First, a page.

One of Australia’s big four banks, Westpac has agreed to pay 1.3 billion Australian dollars (919 million U.S. dollars) for breaching money laundering and terrorism financing laws, the company revealed Thursday.
The penalty is the largest ever imposed on an Australian corporation and follows a lengthy inquiry into the country’s financial sector, which uncovered infringements by several major institutions.
Industry regulator, AUSTRAC (Australian Transaction Reports and Analysis Centre), said in a statement that Westpac had admitted to have breached the Anti-Money Laundering and Counter-Terrorism Financing Act 2006 (AML/CTF Act).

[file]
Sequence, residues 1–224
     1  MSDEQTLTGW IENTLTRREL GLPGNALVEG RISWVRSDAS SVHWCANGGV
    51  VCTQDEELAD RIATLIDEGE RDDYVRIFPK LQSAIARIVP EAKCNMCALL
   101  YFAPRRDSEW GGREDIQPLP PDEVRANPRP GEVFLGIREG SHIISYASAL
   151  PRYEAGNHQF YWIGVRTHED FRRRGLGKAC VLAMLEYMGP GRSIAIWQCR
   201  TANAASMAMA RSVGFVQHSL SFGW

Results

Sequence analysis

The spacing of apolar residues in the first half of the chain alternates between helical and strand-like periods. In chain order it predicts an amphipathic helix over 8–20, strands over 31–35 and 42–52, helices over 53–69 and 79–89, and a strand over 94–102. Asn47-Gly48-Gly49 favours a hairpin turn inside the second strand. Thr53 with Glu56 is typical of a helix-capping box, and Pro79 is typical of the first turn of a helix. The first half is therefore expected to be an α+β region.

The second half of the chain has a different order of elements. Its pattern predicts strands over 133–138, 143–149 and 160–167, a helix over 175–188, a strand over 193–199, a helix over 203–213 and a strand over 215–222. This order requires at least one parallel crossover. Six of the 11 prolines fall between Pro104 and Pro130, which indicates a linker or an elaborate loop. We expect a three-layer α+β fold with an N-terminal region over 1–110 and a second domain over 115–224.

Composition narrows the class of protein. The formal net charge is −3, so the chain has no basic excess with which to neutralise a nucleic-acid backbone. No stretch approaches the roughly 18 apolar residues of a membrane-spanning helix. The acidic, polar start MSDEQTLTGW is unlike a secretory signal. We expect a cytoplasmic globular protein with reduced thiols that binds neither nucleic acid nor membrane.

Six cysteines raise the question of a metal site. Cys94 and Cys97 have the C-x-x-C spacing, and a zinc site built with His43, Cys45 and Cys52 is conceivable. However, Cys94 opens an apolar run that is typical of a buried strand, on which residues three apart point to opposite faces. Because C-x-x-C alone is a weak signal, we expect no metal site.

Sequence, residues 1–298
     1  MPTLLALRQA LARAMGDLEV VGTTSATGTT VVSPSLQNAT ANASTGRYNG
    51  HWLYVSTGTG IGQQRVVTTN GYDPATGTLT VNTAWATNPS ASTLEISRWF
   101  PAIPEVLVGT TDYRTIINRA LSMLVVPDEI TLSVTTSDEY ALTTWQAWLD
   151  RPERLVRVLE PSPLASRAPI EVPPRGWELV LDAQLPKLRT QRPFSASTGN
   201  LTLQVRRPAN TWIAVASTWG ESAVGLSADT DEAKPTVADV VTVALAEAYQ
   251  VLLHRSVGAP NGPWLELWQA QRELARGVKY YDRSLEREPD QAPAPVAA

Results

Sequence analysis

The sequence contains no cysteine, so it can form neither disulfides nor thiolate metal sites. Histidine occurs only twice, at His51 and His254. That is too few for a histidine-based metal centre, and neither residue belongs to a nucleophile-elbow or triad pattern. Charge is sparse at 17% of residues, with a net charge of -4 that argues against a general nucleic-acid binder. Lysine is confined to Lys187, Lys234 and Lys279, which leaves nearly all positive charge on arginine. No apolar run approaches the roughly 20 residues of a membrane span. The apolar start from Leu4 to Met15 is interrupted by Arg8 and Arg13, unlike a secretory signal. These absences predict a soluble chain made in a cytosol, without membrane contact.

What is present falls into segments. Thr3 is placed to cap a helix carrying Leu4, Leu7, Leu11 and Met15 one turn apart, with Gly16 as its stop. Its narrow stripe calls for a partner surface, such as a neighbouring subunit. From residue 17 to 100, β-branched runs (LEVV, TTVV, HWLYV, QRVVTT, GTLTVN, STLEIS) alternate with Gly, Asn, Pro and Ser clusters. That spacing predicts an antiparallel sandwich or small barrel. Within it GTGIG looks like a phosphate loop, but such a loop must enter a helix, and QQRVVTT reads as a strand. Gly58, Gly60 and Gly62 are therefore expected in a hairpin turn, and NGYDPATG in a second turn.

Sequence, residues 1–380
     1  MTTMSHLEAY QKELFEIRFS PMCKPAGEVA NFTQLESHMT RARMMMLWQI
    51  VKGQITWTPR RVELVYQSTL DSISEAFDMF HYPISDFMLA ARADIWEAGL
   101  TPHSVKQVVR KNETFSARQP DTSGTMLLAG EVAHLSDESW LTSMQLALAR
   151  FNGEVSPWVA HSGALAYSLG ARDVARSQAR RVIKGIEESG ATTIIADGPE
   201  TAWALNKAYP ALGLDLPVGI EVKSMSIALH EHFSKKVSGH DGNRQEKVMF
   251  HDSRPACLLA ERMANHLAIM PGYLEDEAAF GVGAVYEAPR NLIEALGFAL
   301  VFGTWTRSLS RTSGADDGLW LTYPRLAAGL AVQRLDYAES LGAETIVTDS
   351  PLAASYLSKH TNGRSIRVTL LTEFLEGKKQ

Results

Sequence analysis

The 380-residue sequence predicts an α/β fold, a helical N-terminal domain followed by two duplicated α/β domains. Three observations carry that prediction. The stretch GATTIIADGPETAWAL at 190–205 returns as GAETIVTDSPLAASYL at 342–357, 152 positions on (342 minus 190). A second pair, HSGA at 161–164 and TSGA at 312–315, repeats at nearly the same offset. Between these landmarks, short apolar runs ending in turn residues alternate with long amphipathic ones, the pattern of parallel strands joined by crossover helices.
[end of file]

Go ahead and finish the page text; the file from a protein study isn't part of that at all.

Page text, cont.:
According to AUSTRAC, among other offences, Westpac failed to properly report over 19.5 million international transactions amounting to 11 billion Australian dollars (7.7 billion U.S. dollars), including with “known higher risk jurisdictions”.
Through its non-compliance the bank left the system open to exploitation by criminals via money laundering, terrorism financing and child exploitation, AUSTRAC Chief Executive Officer Nicole Rose said.
Westpac Group CEO, Peter King apologized for the bank’s failings and said that the company was actively addressing the internal issues at play.
“We are committed to fixing the issues to ensure that these mistakes do not happen again,” he said.